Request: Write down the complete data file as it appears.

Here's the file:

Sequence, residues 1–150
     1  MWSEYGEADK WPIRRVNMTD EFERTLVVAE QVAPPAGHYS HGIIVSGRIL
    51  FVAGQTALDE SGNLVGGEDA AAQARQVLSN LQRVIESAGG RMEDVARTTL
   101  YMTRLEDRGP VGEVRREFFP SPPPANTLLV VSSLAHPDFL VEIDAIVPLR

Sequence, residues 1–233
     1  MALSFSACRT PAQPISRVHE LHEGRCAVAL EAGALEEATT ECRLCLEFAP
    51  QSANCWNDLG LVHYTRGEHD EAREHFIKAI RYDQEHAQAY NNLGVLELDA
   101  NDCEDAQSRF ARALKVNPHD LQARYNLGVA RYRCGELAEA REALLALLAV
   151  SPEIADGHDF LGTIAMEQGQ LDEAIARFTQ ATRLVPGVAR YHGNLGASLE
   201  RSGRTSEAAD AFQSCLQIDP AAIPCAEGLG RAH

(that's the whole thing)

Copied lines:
Sequence, residues 1–150
     1  MWSEYGEADK WPIRRVNMTD EFERTLVVAE QVAPPAGHYS HGIIVSGRIL
    51  FVAGQTALDE SGNLVGGEDA AAQARQVLSN LQRVIESAGG RMEDVARTTL
   101  YMTRLEDRGP VGEVRREFFP SPPPANTLLV VSSLAHPDFL VEIDAIVPLR

Sequence, residues 1–233
     1  MALSFSACRT PAQPISRVHE LHEGRCAVAL EAGALEEATT ECRLCLEFAP
    51  QSANCWNDLG LVHYTRGEHD EAREHFIKAI RYDQEHAQAY NNLGVLELDA
   101  NDCEDAQSRF ARALKVNPHD LQARYNLGVA RYRCGELAEA REALLALLAV
   151  SPEIADGHDF LGTIAMEQGQ LDEAIARFTQ ATRLVPGVAR YHGNLGASLE
   201  RSGRTSEAAD AFQSCLQIDP AAIPCAEGLG RAH